But his remarks have done little to ­dispel the concerns of many ­Ukrainians who also look on as divisions over Ukraine have emerged in the European Union.

Cumulative EU budgetary support to wartime Ukraine is set to surpass that from the US this year. Europe – ­including the UK – may need to take on more of the financial and military burden if the US ­political situation worsens. But still, the EU says it cannot provide all the ­munitions it promised to Kyiv.

Zelenskyy has confirmed that ­deliveries of key artillery shells to his country have dropped off after the start of the ­Israel-Hamas war.

READ MORE: Andrew Tickell: 'Daddy' David Cameron is back – and as odious as ever

“Our deliveries have decreased … they really slowed down,” Zelenskyy recently told reporters, referring specifically to 155-millimetre shells that are widely used on the eastern and southern frontlines in Ukraine.

“It’s not like the US said: ‘We don’t give Ukraine any’. No! It’s just that everyone is fighting for [stockpiles] themselves,” he said. “This is life. I’m not saying that this is positive, but this is life, and we have to defend what’s ours.”

For the moment despite these ­logistical and supply setbacks, Ukraine ­continues to defend its land even if General Valerii Zaluzhnyi, Ukraine’s popular ­commander-in-chief, himself ­acknowledged in a recent interview with The Economist that the war is at a ­stalemate.

“Just like in the First World War, we have reached the level of technology that puts us into a stalemate,” he said. The general concluded that it would take a massive technological leap to break the ­deadlock. There will most likely be no deep and beautiful breakthrough,”  Zaluzhnyi ­admitted.

The course of Kyiv’s counteroffensive has undermined Western hopes that Ukraine could use it to demonstrate that the war is unwinnable, forcing ­Russian president Vladimir Putin, to negotiate. But Putin appears hell-bent on ­pressing home with Russia’s full commitment ­undercutting what The Economist ­described as Zaluzhnyi’s assumption that he could stop Russia by bleeding its troops.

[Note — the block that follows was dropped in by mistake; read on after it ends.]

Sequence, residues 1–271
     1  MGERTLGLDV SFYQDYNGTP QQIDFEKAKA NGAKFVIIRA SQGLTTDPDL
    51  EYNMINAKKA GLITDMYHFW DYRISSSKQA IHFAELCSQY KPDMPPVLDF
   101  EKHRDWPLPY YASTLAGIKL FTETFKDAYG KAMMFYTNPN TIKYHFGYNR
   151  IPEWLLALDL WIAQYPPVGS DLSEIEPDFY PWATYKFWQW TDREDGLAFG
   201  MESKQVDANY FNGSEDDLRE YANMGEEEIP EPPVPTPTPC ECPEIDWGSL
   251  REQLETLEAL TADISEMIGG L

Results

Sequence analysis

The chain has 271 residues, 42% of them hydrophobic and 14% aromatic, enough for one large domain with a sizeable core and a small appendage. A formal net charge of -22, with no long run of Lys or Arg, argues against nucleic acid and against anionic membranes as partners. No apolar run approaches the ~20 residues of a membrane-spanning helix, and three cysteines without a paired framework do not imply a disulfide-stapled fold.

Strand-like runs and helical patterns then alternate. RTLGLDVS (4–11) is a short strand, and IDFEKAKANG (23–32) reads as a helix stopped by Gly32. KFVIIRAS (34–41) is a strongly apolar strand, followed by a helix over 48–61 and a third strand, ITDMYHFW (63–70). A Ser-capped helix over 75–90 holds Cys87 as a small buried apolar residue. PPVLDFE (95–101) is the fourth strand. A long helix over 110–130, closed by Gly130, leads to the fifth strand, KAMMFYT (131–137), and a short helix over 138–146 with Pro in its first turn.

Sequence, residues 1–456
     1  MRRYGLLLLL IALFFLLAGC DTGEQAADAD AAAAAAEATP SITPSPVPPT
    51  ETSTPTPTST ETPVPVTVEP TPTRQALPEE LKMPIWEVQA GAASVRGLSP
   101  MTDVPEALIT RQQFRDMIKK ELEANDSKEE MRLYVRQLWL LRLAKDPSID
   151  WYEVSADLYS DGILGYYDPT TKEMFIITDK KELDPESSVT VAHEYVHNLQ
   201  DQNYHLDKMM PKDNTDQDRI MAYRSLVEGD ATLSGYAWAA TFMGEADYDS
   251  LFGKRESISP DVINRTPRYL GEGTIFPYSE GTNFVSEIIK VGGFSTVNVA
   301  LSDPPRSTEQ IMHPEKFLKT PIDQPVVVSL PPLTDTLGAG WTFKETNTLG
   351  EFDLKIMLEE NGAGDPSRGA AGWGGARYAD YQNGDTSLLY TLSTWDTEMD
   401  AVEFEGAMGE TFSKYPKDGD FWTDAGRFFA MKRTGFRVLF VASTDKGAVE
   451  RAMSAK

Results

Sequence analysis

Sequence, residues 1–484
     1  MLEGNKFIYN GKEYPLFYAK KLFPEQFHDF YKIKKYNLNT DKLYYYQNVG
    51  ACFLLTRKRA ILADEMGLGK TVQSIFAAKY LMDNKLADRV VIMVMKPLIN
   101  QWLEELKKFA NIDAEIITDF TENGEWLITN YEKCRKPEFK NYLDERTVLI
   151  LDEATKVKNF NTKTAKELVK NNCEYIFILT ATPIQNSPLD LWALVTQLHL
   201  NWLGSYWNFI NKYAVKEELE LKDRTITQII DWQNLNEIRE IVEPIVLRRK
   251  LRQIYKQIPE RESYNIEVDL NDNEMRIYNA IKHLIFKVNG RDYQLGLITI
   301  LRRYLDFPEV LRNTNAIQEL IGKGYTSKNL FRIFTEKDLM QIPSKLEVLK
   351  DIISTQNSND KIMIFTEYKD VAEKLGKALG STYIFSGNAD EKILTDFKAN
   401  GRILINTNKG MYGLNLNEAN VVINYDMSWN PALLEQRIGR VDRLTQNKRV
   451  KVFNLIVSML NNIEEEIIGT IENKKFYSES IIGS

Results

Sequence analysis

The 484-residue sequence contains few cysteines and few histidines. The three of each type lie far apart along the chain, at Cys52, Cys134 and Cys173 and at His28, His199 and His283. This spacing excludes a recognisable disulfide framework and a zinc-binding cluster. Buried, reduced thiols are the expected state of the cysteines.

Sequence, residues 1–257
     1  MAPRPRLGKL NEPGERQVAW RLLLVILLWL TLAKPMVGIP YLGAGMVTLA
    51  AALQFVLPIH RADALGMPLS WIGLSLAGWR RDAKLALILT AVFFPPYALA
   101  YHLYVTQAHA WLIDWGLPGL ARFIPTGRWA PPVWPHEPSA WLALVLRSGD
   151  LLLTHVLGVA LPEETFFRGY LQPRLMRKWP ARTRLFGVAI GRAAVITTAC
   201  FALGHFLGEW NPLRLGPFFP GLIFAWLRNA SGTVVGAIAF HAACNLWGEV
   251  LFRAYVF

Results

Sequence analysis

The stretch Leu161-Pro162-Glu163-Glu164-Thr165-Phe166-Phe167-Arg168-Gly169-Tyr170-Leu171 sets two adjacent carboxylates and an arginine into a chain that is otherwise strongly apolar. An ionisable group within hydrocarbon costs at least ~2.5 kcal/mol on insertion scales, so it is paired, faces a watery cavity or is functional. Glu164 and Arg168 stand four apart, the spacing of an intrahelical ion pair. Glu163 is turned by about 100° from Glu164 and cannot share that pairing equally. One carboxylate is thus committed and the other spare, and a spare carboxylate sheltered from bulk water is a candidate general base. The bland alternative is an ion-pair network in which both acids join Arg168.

The National: Russian President Vladimir Putin will take part in in the Commonwealth of Independent States summit (Pavel Bednyakov, Sputnik, Kremlin pool photo via AP)

However, some military analysts believe that Zaluzhnyi’s assessment belies an ­accurate description of what is actually happening on the ground. Among them is Jack Watling of the Royal United Services Institute (RUSI) in London.

“It strikes me as a description which is overly focused on terrain. And when you look at the rates of attrition on both sides and what is being lost and consumed, it’s a position that can’t be maintained ­indefinitely,” Watling said in a recent ­interview with the Financial Times.

“Stalemate would suggest that if we just left things as they were, it would ­remain the same. That’s not the case. It will ­remain the same for a period, and then you see non-linear progression as one side gains advantage or loses it.”

According to other military observers, the fighting is currently concentrated along an axis in the south that includes Robotyne and a push towards the city of Tokmak, which one Ukrainian ­general described as the “minimum goal” for the offensive.

Though once again winter weather that softens up the ground has become a ­major strategic factor, Ukrainian officials say that because they are conducting small-unit infantry attacks rather than large-armoured thrusts, they can keep attacking even as the weather deteriorates and changes the dynamic on the battlefield.

But as Zelenskyy has previously made clear, supplies of ammunition, especially shells, remain a challenge at precisely the moment when North Korean supplies of munitions begin flowing to Russia in ­substantial numbers.

Another area of heavy fighting is in ­Avdiivka, near Donetsk city, where ­Russian forces, their numbers swelled by reserves, are trying – and failing – to take a heavily fortified town that they ­surround on three sides.

Anton Kotsukon, spokesperson for the 110th separate mechanised brigade, said Russian forces were massed on three sides of Avdiivka.

“They are building up reserves. They’ve brought in about 40,000 men here along with ammunition of all calibres,” ­Kotsukon told national television. “We see no sign of the Russians abandoning plans to encircle Avdiivka.”

Russian forces, he told Reuters news agency, were “playing cat and mouse”, sending up “huge numbers” of drones while deploying artillery forces to secure a better picture of the town’s defences.